Suppliers of Brazilian soybean to Norwegian salmon have accomplished their goal for a deforestation and conversion free supply chain, according to a new independent report. This development is described by the Rainforest Foundation as a historic commitment and a game-changer in Brazil.
A year ago, the salmon industry announced that their suppliers in Brazil had decided to become 100% deforestation and conversion-free in a commitment that extends their deforestation-free commitment to their supplier’s entire soybean business, also outside the salmon value chain.
WWF and the Rainforest Foundation then said this was a benchmark to inspire other global animal protein sectors but wanted a robust and independent system to ensure that the companies fulfilled the obligations.
The Rainforest Foundation has now stated that the Norwegian salmon industry sets an important example.
‘It is great news that Brazilian soy producers for the very first time are confirmed to be fully deforestation and conversion-free in all their operations,’ said Nils Hermann Ranum, head of the drivers of deforestation programme at Rainforest Foundation Norway, commenting in the Norwegian media.
‘Demanding that suppliers are fully deforestation-free is necessary to stop ongoing deforestation in Brazil. Private sector companies have a responsibility to avoid contributing to deforestation and environmental damage, and the Norwegian salmon industry and their suppliers set an important example that other food producers must follow,’ he said.
Modern satellite techniques prevent cheating
International certification foundation ProTerra has established a monitoring and verification method to verify that no farmer who had removed any forest would be allowed to sell soy to the suppliers.
To demonstrate the effectiveness of the system, contracts, and names from public lists of social and environmental liabilities were randomly selected and checked against the names in the company soy receiving report. Using satellite techniques and embargo lists the newly published audit report confirms that the soy supply chain has become deforestation and conversion-free.
The audit report also checked that the farmers did not have any work related to slavery or illegal labour and that there was no agriculture overlaps with indigenous lands.
Punching above their weight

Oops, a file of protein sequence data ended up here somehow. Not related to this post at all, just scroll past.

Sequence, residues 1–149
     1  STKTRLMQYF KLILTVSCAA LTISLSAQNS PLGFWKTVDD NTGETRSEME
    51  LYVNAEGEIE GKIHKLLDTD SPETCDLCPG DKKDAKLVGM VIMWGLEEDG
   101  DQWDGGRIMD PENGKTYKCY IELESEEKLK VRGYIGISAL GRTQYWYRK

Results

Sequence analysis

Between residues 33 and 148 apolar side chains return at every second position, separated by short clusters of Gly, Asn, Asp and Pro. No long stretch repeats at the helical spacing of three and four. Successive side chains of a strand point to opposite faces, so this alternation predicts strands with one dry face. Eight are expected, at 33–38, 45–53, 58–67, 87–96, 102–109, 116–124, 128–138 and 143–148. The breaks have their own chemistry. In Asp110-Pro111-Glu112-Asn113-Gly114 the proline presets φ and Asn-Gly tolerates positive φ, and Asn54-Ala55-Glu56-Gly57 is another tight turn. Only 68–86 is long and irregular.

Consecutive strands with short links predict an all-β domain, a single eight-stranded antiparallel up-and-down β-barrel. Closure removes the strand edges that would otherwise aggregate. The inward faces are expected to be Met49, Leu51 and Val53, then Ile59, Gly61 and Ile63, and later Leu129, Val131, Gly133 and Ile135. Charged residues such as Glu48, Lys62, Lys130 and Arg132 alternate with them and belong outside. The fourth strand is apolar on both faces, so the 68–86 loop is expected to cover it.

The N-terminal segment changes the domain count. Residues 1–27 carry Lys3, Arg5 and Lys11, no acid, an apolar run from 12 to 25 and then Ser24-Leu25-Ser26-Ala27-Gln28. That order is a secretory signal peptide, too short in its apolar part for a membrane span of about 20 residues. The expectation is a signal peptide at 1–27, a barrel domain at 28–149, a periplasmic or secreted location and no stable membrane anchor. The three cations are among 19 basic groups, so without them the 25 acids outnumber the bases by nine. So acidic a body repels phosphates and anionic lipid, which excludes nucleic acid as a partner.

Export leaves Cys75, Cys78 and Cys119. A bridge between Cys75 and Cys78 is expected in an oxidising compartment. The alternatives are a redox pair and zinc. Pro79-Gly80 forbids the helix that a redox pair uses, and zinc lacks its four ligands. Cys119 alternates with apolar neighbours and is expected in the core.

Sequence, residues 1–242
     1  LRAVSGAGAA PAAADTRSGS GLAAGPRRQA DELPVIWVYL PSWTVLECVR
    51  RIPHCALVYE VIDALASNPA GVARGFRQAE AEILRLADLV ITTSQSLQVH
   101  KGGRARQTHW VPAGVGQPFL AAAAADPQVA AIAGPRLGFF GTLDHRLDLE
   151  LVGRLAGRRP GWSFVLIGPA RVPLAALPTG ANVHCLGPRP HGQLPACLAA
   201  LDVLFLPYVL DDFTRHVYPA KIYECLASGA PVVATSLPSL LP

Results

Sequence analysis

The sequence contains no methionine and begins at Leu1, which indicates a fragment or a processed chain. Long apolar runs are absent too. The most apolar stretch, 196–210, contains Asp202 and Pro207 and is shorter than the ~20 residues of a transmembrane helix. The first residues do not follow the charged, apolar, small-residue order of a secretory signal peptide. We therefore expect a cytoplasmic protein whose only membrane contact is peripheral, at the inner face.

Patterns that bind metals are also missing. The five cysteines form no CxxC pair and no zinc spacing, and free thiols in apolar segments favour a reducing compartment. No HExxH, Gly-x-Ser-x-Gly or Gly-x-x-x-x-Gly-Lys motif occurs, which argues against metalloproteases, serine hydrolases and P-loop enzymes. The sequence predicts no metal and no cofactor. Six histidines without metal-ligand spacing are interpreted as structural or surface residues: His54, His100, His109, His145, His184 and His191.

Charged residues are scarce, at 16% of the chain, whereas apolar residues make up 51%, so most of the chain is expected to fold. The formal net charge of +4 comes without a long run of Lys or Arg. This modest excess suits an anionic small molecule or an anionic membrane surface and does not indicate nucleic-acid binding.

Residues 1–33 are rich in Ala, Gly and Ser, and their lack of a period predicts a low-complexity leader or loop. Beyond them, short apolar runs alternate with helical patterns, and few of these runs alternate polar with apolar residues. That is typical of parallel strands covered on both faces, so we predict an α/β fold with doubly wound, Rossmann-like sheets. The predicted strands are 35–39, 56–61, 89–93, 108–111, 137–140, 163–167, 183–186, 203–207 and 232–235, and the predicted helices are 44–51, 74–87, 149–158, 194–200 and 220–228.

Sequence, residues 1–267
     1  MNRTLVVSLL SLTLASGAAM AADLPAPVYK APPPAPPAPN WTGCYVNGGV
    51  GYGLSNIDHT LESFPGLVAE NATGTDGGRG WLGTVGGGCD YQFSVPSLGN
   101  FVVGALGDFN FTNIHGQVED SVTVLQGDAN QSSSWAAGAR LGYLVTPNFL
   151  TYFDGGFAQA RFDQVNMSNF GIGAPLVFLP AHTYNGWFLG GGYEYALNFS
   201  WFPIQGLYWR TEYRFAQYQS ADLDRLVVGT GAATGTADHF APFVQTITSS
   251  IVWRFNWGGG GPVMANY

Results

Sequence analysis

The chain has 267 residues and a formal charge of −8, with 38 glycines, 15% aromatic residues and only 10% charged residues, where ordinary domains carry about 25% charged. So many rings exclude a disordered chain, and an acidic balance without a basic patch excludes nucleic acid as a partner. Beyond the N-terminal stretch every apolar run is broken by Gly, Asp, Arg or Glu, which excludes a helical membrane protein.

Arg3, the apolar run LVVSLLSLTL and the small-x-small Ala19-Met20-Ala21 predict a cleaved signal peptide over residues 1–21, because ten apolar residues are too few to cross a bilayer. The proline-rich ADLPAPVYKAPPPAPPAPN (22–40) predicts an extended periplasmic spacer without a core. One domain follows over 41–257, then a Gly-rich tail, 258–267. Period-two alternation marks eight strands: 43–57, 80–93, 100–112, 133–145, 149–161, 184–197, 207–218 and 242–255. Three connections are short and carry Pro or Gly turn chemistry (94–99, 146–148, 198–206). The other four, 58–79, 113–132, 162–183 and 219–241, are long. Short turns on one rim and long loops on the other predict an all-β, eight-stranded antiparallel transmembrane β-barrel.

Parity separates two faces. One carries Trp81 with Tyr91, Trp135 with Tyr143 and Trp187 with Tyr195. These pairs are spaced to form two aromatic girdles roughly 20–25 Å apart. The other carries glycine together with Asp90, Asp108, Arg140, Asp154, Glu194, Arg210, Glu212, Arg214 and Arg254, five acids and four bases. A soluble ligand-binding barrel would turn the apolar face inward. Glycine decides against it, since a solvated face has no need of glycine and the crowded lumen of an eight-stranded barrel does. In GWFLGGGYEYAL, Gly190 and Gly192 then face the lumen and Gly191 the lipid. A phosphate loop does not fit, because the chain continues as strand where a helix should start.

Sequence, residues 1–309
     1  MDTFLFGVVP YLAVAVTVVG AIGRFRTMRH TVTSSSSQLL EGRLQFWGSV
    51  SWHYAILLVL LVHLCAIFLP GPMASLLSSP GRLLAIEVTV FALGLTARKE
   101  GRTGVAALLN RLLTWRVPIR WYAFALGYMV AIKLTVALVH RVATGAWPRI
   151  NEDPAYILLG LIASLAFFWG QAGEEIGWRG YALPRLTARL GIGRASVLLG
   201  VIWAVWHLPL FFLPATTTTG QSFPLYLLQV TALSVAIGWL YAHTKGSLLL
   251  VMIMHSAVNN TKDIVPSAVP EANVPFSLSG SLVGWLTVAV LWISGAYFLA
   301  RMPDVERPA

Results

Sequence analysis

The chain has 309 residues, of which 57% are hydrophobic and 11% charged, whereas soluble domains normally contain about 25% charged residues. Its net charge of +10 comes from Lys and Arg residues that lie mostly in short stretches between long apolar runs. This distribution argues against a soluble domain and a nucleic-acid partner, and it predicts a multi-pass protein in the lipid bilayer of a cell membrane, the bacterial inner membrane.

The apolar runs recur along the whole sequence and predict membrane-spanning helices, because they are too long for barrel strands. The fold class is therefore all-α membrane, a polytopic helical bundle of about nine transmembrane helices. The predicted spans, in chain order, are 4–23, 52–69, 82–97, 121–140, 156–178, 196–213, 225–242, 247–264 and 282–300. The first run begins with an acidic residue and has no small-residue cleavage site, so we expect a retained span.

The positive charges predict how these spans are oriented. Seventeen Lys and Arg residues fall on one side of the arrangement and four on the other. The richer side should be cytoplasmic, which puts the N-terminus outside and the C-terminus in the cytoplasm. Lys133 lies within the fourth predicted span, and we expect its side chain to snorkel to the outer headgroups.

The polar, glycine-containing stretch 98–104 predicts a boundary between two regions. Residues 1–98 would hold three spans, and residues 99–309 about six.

‘This proves that we can do more to protect the environment by working with our partners in Brazil, than walking away and just boycotting soy,’ said Leif Kjetil Skjæveland on behalf of the Norwegian fish feed producers.
‘Norwegian fish feed producers were punching above our weight here. Even combined we are not a big player in the Brazilian soy market, but our combined effort made a complete value chain become 100% deforestation and conversion-free. Now we need to show them our support to make this important effort continue.’
There are three companies delivering soy to the Norwegian salmon industry. Two of them, Caramuru and CJ Selecta have undergone the audits. The third company, Cervejaria Petropolis-Imcopa, is in a corporate change and a separate audit is conducted now for them. There was no non-conformity observed by the Auditor, only improvement opportunities.
This Brazilian value chain includes 5136 direct suppliers growing 2.4 million tonnes of soy on land covering more 33,294 square kilometres. In 2021 24 suppliers were blocked because they did not live up to the criteria.
The independent auditors also tested the robustness and effectiveness of the system by checking a sample of 50 names randomly chosen from the public lists of suppliers that incurred in social and/or environmental liabilities. This list was compared with the list of soy suppliers in the systems. No relationship or conflict was found between the names of soybean suppliers and those randomly selected to the consulted public lists.
There was no non-conformity observed by the Auditor, only improvement opportunities verified for each company, which do not impact the system’s efficiency and were already being worked on by the audited companies.
There is always a risk that a farmer that does not apply to the rules, tries to sell their crop via an intermediate. This first audit did not focus on possible indirect suppliers, but a solution for indirect soy suppliers is also part of the MRV system adopted and will be addressed by the engaged companies.